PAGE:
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By Ahmed Alaskary & Mohammed Baraka
November 26, 2006

Key elements to improving security

With regards to the security situation in Iraq, mistakes made post-war are largely to blame for the current crisis. By far the most important of these was the failure to round up all the top tiers of the Baathist regime, who quickly morphed into various elements of the insurgency, and whose defeat is critical to any success in Iraq. There are other factors which impede attainment of security in Iraq, such as:

1. Local Policing
The police were established under the Coalition Provisional Authority according to a western model of recruiting from local areas to serve in local districts, so that they would have the advantage of local knowledge. However, Iraq is a country built upon tribal lines, reports of police not responding to local violence is a consequence of the police fearing retaliation by local militant tribes, not just against the individual policeman, but their tribe and family.

In order to combat this problem, the police need to be distributed randomly across the country, so that no police officer would serve in their local areas. This will ensure that they are able to carry out their duties without the fear of retaliation against their families and tribes. In addition, it ensures that battalions are randomly made up of Sunnis, Shiites and Kurds. Saddam Hussein understood Iraq’s cultural structure and used this policy; its re-implementation is a necessary step towards combating security in Iraq.

2. UN Resolution 1546
The resolution gives ultimate control of security, including the Iraqi security forces, to the multinational forces. The effect of this on the ground is: ultimately the Iraqi Prime Minister cannot move troops around different parts of Iraq; the quota on the number of troops and police Iraq has is set by the Pentagon and not the Iraqi government.

A senior advisor to the Iraqi Prime Minister has told the IPO that one of the reasons why the current Baghdad security plan has failed has been because part of the plan required a security disc around Baghdad to prevent the flow of insurgents into the capital, which is split up into different sections manned either by Iraqi or US forces. However, there were physical gaps in this disc between sections, which allowed the flow of insurgents through them. The Iraqi PM pressed the multinational forces repeatedly to address this oversight for over 2 weeks, only to be stalled by arduous coalition bureaucracy. He ordered Iraqi troops to expand and cover unmanned areas outside of their allocated sectors, only for the loyal Iraqi troops who carried out the order to be arrested by the multinational forces that were covering an adjacent sector.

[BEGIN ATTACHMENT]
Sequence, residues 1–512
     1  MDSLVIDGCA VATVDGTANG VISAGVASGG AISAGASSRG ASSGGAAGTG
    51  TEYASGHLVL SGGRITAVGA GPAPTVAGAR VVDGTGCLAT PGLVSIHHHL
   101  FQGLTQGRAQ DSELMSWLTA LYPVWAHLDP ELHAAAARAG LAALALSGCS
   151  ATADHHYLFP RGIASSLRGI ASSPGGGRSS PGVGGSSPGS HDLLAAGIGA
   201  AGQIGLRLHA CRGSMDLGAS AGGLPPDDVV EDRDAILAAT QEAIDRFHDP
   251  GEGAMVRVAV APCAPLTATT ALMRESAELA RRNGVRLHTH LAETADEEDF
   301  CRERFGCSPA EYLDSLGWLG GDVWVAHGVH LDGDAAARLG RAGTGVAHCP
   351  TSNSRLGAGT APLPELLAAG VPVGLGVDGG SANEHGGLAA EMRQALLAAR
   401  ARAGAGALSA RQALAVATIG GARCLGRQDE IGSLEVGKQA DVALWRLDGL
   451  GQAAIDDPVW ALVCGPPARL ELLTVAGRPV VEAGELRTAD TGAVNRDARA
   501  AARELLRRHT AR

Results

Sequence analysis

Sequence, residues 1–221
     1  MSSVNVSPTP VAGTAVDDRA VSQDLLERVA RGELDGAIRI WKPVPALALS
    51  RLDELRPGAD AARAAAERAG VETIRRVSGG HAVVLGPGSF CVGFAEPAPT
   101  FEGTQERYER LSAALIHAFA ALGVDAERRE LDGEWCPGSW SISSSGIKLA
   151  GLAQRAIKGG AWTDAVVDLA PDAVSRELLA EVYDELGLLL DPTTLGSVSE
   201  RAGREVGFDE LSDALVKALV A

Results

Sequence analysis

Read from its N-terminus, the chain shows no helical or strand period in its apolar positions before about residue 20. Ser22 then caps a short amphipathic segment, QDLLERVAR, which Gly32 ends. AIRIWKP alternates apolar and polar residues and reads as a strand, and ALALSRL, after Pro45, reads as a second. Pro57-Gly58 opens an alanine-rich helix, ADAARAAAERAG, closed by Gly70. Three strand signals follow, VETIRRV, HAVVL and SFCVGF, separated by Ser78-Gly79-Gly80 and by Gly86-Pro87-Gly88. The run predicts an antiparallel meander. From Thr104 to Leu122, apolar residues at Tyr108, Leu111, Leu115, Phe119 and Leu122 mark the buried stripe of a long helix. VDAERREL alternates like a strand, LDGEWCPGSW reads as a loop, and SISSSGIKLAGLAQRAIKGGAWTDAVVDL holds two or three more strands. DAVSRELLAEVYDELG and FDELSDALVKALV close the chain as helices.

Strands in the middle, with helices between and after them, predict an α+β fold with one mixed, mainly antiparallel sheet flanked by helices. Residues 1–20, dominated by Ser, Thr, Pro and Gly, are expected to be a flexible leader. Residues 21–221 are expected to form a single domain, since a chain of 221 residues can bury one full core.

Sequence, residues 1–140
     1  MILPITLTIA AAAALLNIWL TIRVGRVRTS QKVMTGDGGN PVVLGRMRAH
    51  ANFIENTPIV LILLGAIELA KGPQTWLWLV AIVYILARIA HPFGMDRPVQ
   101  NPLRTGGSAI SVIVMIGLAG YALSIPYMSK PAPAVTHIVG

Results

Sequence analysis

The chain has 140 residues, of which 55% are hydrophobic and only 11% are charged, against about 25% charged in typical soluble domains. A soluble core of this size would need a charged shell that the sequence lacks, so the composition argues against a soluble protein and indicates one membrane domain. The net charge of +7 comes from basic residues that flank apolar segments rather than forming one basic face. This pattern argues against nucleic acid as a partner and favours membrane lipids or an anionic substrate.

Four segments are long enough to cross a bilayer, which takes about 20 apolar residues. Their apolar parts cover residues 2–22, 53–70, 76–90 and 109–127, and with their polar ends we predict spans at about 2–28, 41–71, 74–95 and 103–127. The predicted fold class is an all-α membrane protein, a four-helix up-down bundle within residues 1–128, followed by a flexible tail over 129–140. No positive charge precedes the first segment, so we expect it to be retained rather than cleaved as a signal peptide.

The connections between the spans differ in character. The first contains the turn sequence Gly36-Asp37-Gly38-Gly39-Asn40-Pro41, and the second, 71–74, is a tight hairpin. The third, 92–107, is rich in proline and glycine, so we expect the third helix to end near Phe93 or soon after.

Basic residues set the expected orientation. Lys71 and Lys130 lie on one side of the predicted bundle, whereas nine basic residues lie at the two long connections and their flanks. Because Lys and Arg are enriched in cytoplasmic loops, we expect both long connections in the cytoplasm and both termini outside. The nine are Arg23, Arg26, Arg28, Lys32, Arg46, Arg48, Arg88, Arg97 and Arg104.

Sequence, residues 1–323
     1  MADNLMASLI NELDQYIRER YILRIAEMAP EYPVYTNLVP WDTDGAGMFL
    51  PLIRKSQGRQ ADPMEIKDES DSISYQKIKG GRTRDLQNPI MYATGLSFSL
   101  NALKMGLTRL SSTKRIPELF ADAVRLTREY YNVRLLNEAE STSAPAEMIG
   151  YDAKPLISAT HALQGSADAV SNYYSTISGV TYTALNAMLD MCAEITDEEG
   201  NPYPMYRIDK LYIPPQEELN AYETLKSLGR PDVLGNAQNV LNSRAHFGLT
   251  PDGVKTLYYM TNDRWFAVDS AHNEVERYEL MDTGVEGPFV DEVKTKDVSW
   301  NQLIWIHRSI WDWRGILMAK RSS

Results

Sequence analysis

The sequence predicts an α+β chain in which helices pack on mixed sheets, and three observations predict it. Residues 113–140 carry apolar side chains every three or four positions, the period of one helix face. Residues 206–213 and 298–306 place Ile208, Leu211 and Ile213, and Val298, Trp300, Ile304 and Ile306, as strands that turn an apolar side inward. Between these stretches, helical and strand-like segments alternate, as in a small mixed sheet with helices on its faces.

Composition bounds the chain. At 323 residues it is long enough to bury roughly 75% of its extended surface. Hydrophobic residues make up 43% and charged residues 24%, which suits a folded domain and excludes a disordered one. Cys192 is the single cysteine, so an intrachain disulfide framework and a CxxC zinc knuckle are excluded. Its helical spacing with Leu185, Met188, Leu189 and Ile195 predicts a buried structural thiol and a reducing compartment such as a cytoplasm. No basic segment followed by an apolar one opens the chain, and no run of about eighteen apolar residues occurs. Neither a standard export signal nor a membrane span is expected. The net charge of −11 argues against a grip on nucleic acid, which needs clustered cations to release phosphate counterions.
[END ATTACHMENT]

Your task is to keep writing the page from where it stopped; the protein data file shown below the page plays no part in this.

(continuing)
This incident and others like it has made Iraqi troops reluctant to carry out their government's orders. This resolution is due for renewal next month. It must be changed so that the democratically elected government of Iraq is given full control over all Iraqi security forces. In the meantime, it is unreasonable to demand that the Iraqi government takes more responsibility for the security of its country when the resolution and its implementation have the government’s hands and feet tied.

 

© 2007 Iraqi Prospect Organisation
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